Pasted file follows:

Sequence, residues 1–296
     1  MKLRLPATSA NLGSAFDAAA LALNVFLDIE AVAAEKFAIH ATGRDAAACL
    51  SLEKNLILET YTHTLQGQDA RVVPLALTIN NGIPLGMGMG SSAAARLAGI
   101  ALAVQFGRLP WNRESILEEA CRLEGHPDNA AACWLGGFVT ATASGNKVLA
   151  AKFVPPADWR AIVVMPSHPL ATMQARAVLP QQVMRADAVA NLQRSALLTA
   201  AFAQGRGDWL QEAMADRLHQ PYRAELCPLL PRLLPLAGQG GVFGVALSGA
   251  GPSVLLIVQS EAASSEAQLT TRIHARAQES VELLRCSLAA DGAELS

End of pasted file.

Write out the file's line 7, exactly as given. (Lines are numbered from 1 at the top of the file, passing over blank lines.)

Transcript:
   251  GPSVLLIVQS EAASSEAQLT TRIHARAQES VELLRCSLAA DGAELS